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DC Metro Spotlight: October 2010

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Holly Twyford
Local fave Holly Twyford continues her very busy streak onstage at Arlington's Signature Theatre, starring in a world premiere comedy from DC playwright Ken Ludwig. A Fox on the Fairway (October 12 - November 14) also features Broadway's Jeff McCarthy in what is described as a "romp which pulls the rug out from underneath the stuffy denizens of a private country club." Over in Signature's more intimate ARK, Joe Calarco directs his latest play, the unfortunately titled Walter Cronkite is Dead (October 16 - November 19). Two women, stranded in an airport, represent two sides of the culture wars -- one liberal and one conservative -- as they open up to each other.

It's been a few years in the making, but DC's legendary Arena Stage is finally set to open its brand new campus, the Mead Center for American Theater. The $135-million expansion of the theater company's SouthWest DC stage complex will open to the public Saturday, October 23 with a variety of free performances, special events, demonstrations and lectures. Highlights include a glittering Gala Celebration October 25 and a two-month run of the Rodgers and Hammerstein classic musical Oklahoma! (October 23 - December 26), directed by Molly Smith in the refurbished Fischhandler.

The Opera House at the Kennedy Center will be rocking like it's 1968 as the 2009 Tony Award Winner for Best Musical Revival blows into town. Hair (October 26 - November 21) was the first hit rock musical, defining a generation and scaring parents four decades ago. Now parents and grandparents are taking the kids (providing they can handle the language and brief nudity) to enjoy the rousing hit score, including "Let the Sun Shine In," "Good Morning Starshine," "Aquarius, and the title song.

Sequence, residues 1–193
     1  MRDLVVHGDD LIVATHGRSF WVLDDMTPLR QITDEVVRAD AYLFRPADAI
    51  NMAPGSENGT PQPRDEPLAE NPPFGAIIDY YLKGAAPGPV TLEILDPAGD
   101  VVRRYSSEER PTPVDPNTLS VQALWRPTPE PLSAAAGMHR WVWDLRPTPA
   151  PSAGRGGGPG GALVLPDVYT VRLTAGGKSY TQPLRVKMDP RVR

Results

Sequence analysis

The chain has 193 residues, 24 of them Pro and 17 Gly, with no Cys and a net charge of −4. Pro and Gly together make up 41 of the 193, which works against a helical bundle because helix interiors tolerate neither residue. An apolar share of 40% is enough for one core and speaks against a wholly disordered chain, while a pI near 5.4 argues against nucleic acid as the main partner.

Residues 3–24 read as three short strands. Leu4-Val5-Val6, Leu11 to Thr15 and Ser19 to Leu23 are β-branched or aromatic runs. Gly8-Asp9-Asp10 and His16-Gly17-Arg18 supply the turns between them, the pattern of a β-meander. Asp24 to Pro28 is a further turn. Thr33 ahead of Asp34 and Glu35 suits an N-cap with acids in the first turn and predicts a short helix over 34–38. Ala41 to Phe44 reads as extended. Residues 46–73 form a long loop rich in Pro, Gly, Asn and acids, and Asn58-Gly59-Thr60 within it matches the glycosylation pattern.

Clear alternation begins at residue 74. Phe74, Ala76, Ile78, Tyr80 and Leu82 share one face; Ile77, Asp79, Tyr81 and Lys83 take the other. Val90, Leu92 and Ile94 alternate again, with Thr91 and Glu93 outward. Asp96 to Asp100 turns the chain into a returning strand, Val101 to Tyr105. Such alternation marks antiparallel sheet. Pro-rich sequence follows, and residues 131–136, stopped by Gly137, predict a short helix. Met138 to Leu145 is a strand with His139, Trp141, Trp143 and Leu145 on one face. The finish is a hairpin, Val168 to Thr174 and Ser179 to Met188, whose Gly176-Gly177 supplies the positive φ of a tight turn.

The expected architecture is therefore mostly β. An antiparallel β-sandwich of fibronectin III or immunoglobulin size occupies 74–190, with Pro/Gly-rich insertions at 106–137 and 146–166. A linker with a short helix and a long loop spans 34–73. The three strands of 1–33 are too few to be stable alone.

Washington Stage Guild offers a two-sided look at a thorny issue, with the comic fantasy Darwin in Malibu (Undercroft Theatre, October 28 - November 21). Playwright Crispin Whithall has Charles Darwin sipping banana smoothies in a Malibu beach house as his old friend Thomas Huxley, and his old nemesis the Bishop of Oxford, argue over the origins of life. Ford's Theatre opens its season with Sabrina Fair (October 1-24), Samuel A. Taylor's tale of true love hindered by class, race and social conventions. The story is better known for its incarnation as the Audrey Hepburn-Humphrey Bogart film classic Sabrina.

Round House Theatre has the area premiere of Ameriville (October 20 - November 7) at its Bethesda mainstage. Written, created, and performed by the performance ensemble UNIVERSES, the piece blends storytelling, jazz, Gospel, and hip-hop to examine the country in the wake of Hurricane Katrina. Meanwhile, Solas Nua presents its first musical. Improbable Frequency (October 1-24) is set in World War II Dublin, where a mad scientist and a host of spies and saboteurs threaten the neutrality of the fledgling Irish Free State.

Washington Shakespeare Company moves into its new home this month, marking the debut of Arlington County's "Art Space for Everyone" in the old Newseum site in Rosslyn. To celebrate, WSC is offering a rep presentation of Richard III (October 21 - December 12) and Mary Stuart (October 2 - December 12). The former shows us one of Shakespeare's most complex and fascinating characters engaging in ambitious political maneuvering. The latter focuses on a fierce rivalry between Queen Elizabeth I and her cousin, Mary, Queen of Scots in German playwright/poet Friedrich Schiller's story. WSC is using the new version by Peter Osvald, which played the West End and Broadway recently.

If that doesn't satisfy your taste for English history, Folger Theatre has Henry VIII (October 12 - November 21). Shakespeare's final history play reverberates with power struggles as Henry's advisors, his paramour Anne Boleyn, and Queen Katherine all vie for the favor of the King. He was one of the Bard's contemporaries, and Constellation Theatre Company is staging Thomas Middleton's revenge tragedy Women Beware Women (October 14 - November 14). Three wealthy couples engage in a dangerous game of power and lust in this provocative dark comedy at Source Theatre on 14th Street.

Philip Barry's sophisticated comedy, Holiday (October 22 - November 14) was written just before the stock market crash of 1929 and remains timely. It's a whirlwind romance exploring the clash of love and money on the eve of financial doom, staged by 1st Stage in McLean. Theater J is opting for the familiar this month with Neil Simon's classic comedy The Odd Couple (October 23 - November 28). Two of DC's best character actors, Rick Foucheux and J. Fred Shiffman, take on slobby Oscar and neatnik Felix.

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